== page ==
Objective: Screening with low-dose spiral CT is a promising new tool for early lung cancer detection. A study was undertaken to assess the prevalence of emphysema detected by CT screening, and to assess the correlation between the extent of emphysema and the severity defined according to the recently published Global Initiative for Chronic Obstructive Lung Disease (GOLD) criteria.
Methods: After informed consent, CT screening and pulmonary function tests were performed on 615 men between the ages of 40 and 69. Severity of emphysema was assessed visually. Only the pulmonary function data for male subjects were analysed because there were too few female subjects with emphysema.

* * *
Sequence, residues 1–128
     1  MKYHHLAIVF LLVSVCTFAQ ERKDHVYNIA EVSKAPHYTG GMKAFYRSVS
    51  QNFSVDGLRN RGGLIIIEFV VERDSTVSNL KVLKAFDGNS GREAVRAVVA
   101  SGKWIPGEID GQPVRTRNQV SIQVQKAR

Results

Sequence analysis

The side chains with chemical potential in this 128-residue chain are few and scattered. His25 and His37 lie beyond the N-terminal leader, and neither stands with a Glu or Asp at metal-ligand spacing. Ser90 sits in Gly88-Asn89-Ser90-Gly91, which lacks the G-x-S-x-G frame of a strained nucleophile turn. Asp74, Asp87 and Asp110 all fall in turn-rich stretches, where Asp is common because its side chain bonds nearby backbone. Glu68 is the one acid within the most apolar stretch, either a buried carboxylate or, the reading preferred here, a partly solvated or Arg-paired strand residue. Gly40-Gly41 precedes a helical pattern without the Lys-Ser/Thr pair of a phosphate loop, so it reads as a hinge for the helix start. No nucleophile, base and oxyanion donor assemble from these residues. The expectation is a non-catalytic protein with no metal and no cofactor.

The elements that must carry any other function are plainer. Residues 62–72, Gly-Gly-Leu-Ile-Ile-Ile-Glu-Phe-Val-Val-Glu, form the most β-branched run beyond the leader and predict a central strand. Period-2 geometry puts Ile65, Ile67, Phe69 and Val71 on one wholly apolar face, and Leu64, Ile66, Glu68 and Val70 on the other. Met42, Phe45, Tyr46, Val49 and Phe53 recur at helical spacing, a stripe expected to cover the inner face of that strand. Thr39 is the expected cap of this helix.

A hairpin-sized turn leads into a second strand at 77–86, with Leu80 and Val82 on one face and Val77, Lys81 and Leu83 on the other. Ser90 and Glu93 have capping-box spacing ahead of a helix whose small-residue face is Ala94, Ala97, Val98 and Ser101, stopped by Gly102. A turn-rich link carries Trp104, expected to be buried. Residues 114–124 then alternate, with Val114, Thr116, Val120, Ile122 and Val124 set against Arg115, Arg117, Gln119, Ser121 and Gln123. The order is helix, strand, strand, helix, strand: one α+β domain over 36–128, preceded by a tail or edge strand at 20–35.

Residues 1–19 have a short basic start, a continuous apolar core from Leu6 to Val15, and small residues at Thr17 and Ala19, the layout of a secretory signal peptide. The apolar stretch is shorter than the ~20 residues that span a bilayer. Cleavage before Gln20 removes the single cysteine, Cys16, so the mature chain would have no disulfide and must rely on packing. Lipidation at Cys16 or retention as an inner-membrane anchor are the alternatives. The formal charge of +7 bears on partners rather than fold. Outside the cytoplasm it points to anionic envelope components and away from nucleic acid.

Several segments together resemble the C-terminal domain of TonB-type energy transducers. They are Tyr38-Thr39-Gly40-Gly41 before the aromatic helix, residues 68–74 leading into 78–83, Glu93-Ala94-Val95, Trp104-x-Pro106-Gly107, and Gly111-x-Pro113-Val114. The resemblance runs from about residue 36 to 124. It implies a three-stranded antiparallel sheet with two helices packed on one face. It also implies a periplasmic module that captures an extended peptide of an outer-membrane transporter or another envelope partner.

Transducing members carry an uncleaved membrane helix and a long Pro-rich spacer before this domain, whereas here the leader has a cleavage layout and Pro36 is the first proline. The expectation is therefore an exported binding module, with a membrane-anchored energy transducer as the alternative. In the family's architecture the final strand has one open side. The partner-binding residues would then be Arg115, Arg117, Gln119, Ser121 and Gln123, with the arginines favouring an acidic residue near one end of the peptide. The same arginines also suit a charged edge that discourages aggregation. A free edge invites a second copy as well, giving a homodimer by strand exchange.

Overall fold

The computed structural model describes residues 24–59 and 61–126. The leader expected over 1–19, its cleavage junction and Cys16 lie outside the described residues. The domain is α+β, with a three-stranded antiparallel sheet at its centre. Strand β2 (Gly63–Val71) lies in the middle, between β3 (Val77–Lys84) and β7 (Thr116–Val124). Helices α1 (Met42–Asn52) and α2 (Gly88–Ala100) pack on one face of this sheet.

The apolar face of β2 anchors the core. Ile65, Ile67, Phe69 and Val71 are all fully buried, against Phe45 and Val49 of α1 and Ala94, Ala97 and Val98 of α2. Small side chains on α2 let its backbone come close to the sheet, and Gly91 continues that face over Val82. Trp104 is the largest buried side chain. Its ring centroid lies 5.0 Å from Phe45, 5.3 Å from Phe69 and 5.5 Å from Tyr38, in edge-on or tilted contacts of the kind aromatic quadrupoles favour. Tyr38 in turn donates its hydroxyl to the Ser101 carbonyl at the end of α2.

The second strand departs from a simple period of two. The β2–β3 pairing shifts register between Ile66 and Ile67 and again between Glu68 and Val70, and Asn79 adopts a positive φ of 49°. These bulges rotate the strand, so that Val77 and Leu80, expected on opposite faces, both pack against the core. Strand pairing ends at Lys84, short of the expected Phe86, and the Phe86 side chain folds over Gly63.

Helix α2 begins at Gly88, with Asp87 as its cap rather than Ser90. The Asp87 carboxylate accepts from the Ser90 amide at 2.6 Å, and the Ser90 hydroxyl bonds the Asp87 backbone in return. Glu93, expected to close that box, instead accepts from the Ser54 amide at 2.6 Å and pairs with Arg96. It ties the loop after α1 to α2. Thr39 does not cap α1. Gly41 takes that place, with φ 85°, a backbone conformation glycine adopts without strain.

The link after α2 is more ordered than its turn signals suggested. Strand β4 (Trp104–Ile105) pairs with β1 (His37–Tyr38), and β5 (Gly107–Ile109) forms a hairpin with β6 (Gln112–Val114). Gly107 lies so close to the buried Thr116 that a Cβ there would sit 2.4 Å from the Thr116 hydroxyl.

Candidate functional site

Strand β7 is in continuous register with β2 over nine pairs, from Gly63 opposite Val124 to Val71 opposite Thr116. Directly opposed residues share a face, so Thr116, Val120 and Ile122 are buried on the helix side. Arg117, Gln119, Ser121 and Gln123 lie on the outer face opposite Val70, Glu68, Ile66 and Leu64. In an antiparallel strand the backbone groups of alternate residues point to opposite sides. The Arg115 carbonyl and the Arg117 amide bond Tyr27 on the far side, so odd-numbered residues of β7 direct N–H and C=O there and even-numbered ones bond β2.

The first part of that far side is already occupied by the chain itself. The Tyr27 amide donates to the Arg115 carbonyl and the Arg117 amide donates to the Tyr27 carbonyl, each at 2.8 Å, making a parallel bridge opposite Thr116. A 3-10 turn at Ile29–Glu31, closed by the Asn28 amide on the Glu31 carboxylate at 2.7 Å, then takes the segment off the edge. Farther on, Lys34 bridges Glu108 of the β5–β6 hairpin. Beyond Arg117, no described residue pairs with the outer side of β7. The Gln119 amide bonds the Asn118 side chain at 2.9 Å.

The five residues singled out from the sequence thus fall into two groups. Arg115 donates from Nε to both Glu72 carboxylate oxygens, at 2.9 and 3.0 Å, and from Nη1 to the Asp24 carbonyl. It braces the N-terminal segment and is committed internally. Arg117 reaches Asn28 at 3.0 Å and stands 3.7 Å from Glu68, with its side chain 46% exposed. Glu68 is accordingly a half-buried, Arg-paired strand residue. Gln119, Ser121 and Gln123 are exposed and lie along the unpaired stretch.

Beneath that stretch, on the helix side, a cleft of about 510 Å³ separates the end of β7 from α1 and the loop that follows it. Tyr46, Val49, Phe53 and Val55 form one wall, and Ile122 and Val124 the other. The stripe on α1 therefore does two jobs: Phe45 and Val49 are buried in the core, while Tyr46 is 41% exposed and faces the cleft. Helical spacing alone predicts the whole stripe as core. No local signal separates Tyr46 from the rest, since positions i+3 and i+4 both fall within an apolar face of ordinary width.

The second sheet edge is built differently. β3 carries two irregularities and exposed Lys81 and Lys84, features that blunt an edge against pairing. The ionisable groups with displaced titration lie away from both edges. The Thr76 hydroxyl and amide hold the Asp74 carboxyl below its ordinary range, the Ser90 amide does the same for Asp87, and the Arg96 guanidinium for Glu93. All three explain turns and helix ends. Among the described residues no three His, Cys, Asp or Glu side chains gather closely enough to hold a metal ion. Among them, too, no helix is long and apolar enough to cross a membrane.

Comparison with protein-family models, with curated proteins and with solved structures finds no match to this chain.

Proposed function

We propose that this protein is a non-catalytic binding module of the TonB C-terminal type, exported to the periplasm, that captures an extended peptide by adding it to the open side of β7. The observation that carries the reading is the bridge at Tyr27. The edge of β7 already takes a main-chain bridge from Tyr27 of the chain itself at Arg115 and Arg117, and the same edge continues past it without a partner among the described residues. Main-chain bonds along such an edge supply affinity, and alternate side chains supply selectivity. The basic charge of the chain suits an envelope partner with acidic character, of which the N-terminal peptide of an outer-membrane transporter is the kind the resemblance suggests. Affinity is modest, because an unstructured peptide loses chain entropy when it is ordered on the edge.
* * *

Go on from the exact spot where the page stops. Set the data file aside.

Results: Emphysema was detected in 30.5% of current smokers, 14.1% of former smokers and 3.0% of non-smokers. In male current smokers, airflow obstruction (FEV(1)/FVC < 0.7) was seen in 18.1% of subjects with mild emphysema, and in 33.3% of subjects with moderate emphysema. FEV(1) values were less than 80% of the predicted normal in 8.5% of subjects with mild emphysema, and 28.6% of subjects with moderate emphysema. The percentage of male subjects with emphysema equivalent to GOLD stage 0 was 90.0% for subjects in their 40s, 82.5% for those in their 50s, and 68.2% for those in their 60s.
Conclusion: A considerable percentage of the subjects with emphysema as detected by CT screening had GOLD stage 0. CT screening assists in detecting early-stage emphysema.